Designing an E-Learning Curriculum

Designing an E-Learning Curriculum

Susan Gwee, Ek Ming Tan, Mingfong Jan
DOI: 10.4018/978-1-4666-8803-2.ch014
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In this chapter, the authors propose to look at the empirical findings that will be useful for instructors, who wish to improve their understanding on how to design an e-learning curriculum that will take into account the different learning needs of their engineering students. The studies surveyed in this chapter will focus on gender and game-based learning, which will offer insights as to how to improve the level of participation and learning outcomes for females in male-dominated fields. In particular, the authors will focus on gender issues and how learning in an e-learning curriculum can be designed to engage female students and to improve retention of female students. The authors propose the following change in an engineering e-learning curriculum: mixed-sex groups, use of collaborative activities, blended learning, and communication tools, and mixed-sex curriculum design team.
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Stoilescu and McDougall (2011) highlighted the presence of the gender digital divide in computer science undergraduate programs in Canada. They found that the female undergraduate students were not lacking computer resources, but what was lacking was equity in instruction with computers and opportunities to participate in the computer culture. The latter two issues gave rise to the female students’ high anxiety levels, low confidence, and ultimate underachievement. These female students needed to have more valuable experiences in the field. Stoilescu and McDougall (2011) proposed giving them more opportunities to access the computer culture in formal and informal settings. One way of improving opportunities in informal education was to allow female students to have more opportunities to practice writing code.

The current level of participation in engineering education by women is low compared to that of men. Schiebinger and Schraudner (2011) argued that although much had been done to try to achieve gender equality in educational institutions, there was the need for “gendered innovations in scientific knowledge and technology design” (p. 157). They argued that a gender analysis must be present as a control from the beginning of a project to ensure rigor in science, engineering, and medicine research, policy, and practice. In the design of an e-learning curriculum, as Schiebinger and Schraudner (2011) have pointed out, it is paramount that a checklist be created that helps technology designers to identify key gender components for operationalizing sex and gender analyses for designers. Some components suggested in the article can be applied in the design of an e-learning curriculum. These are rethinking language and visual representation, rethinking stereotypes, analyzing academic disciplines, redefining key concepts, and rethinking theory.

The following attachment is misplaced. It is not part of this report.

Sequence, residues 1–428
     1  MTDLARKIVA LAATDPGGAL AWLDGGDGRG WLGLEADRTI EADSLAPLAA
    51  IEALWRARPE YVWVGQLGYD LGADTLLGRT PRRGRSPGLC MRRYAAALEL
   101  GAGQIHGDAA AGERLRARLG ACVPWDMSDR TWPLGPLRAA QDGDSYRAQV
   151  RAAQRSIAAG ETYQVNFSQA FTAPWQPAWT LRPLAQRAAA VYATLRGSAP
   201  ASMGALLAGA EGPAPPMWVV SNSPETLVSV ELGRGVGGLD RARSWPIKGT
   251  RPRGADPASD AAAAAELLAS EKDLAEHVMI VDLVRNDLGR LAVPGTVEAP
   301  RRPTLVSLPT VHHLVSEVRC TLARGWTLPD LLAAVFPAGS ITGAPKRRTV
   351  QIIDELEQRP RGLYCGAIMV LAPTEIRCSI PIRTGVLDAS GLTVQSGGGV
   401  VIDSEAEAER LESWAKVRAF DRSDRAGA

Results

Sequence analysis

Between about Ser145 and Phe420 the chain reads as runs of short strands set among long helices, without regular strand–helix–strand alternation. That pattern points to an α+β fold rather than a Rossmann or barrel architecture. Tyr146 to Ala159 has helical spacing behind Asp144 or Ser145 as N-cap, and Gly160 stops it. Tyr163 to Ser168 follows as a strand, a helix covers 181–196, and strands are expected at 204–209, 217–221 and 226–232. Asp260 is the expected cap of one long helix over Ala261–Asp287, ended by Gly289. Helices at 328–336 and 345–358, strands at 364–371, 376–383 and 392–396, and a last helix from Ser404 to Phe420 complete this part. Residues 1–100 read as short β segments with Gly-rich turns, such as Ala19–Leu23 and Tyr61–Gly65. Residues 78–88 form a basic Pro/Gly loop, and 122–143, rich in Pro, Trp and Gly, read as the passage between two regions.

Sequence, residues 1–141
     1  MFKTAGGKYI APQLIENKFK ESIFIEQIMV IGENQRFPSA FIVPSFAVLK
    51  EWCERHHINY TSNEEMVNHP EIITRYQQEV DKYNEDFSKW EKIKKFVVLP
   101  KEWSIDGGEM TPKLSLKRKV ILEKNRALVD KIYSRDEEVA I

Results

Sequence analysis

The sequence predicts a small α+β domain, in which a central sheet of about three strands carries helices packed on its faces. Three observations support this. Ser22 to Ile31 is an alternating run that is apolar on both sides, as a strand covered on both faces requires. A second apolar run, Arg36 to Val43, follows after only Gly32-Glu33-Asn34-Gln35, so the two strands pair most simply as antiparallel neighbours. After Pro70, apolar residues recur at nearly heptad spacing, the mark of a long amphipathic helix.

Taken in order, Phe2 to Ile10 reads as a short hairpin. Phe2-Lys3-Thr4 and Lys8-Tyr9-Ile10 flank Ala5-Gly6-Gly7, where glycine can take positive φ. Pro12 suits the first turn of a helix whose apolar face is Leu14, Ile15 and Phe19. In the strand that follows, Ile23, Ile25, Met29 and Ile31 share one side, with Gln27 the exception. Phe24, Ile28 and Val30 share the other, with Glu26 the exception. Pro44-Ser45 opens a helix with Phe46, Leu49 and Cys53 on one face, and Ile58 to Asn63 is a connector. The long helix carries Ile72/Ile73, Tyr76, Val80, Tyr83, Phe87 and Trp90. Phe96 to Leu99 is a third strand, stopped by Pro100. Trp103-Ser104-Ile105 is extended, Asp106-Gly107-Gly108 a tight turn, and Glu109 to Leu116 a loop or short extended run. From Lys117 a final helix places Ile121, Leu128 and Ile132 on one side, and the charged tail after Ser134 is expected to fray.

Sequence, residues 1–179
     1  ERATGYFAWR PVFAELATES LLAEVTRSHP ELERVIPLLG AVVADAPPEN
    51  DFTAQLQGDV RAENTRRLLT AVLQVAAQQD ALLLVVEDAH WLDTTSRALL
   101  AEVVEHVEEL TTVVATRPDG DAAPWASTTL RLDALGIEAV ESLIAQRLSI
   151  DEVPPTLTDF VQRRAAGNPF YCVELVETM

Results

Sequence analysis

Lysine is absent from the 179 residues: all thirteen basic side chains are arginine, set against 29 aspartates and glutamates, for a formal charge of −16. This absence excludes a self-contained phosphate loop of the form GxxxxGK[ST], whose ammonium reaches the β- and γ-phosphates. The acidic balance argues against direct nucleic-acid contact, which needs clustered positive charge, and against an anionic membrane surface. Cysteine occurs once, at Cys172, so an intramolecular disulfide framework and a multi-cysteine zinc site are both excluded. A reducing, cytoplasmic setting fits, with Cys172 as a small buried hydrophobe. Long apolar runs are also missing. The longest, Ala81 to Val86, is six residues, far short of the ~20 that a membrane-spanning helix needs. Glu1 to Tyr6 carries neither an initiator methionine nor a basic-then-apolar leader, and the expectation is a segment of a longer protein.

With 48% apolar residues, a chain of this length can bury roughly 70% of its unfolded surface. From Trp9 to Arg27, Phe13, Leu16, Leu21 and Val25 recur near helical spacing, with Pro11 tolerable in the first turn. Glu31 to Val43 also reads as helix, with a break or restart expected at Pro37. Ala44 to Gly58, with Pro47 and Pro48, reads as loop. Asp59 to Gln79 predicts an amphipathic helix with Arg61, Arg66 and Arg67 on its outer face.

Key Terms in this Chapter

Discourse Marker: A word or expression that indicates how one part of a discourse or conversation is connected to another.

Collaboration: The act of working jointly with others on a shared goal.

Engagement: The participation of learners in the activities offered in the course.

Communication Tools: The tools that allow learners to learn and interact with each other, and the instructor(s).

Gender: A cultural construct of femininity and masculinity as opposed to the biological sex that humans are born with.

Simulation: A miniature and controlled version of a sphere of concrete activities in real life where learners can experiment with various aspects of reality that would be impossible to examine outside of real life.

Turn-Taking: The process by which two or more people in a conversation decide who speaks next.

Blended Learning: A teaching and learning approach that combines face-to-face sessions with online activities.

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